All in all, I haven’t much to complain about. What am I complaining about? Nothing, I suppose. I just don’t get the tone of the piece. It isn’t exactly a New Yorker profile, nor is it meant to be, but there is so much left out. My wish is that one of these days someone from the New Yorker will call. Patience is a virtue.
When we appear in these online lists, it’s always a pleasant surprise. It’s much better than being on the “Worst Place to Stay in New Orleans” list. I’ll post this link about bad New Orleans neighborhoods because I find it interesting that most of the responses are full of measured praise for this magical city we call home. I didn’t read all 41 entries but I can tell you that Frau Schmitt and I walk around all parts of the city at all hours of the day and night. Nothing untoward has ever happened to us. New Orleanians are the friendliest people on Earth. I admittedly make this statement as a native New Englander so the bar is set pretty low from my perspective. I have lived here long enough, however, to believe that this is true.
If you are wondering who Jose Marti was, here’s a helpful close-up of the plaque on the statue’s base:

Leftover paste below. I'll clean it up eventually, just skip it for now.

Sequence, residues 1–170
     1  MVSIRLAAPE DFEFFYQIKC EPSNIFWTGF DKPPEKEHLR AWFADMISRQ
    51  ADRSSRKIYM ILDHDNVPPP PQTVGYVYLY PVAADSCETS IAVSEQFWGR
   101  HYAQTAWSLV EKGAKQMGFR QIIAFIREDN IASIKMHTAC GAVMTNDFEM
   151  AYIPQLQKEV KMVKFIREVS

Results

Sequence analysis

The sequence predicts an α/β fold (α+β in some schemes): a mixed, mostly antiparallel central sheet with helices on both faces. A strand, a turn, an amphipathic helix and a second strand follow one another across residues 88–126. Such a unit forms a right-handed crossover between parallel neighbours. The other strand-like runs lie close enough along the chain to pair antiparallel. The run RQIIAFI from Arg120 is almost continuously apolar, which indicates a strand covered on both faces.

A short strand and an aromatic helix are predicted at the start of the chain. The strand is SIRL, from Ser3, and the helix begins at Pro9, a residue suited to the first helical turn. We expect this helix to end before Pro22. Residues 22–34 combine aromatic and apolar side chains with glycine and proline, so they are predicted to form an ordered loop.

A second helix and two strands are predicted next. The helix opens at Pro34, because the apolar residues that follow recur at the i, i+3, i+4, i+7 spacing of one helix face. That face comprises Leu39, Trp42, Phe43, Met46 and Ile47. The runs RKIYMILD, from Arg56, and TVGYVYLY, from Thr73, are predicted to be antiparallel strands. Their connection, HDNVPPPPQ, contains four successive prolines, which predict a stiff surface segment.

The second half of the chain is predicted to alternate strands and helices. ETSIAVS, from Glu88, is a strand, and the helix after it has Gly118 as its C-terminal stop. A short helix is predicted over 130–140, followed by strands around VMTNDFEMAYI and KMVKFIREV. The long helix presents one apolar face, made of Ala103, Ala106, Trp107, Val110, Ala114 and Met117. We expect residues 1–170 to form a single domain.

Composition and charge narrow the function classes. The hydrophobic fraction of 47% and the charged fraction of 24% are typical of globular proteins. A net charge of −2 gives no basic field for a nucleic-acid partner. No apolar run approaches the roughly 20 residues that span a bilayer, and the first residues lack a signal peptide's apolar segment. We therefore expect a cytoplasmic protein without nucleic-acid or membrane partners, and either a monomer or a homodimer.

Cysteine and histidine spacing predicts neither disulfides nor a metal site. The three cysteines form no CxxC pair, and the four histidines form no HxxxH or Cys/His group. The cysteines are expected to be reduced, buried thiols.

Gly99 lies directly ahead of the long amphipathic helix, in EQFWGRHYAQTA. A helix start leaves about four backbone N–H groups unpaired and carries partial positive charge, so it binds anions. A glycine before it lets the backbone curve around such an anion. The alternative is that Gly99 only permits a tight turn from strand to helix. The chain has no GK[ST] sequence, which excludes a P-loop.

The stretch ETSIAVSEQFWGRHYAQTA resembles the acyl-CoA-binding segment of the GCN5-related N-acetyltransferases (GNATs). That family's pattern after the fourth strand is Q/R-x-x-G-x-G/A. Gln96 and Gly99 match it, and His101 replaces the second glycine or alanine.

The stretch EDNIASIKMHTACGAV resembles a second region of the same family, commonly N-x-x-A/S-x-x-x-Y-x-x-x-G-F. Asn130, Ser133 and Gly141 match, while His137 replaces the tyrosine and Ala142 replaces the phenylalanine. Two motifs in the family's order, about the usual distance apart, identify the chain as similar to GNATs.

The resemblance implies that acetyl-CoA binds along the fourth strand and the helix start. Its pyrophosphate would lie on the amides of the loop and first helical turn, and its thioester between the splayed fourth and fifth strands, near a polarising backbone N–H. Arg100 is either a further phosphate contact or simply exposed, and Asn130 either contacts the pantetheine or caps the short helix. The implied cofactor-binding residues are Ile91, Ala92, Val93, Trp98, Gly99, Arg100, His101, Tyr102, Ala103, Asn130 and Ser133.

If you are still wondering who was Jose Marti, well, that’s an article for another day. I thought I would spend today clarifying and expanding on what La Belle Esplanade is all about, exactly. We may well be one of the American B&Bs you should definitely stay at. In fact, I’ll go on record and state, unequivocally, that we are the one New Orleans B&B you should definitely stay at. How’s that?
We offer more than a bed and a breakfast. We offer a headquarters for your New Orleans adventures. You can spend time in the French Quarter and on Frenchmen Street, but there is a whole wide city to explore down here. Come and see for yourself.
I would like to offer a tip of my fedora to Kate Sitarz, the author of the piece quoted above. Thank you for including us, Ms. Sitarz. We really do appreciate it and we will do our best to live up to your recommendation.
À votre santé,
La Belle Esplanade
…where every morning is a curated breakfast salon.
July 5, 2016: about 93 degrees F and as pleasant as any other day in New Orleans.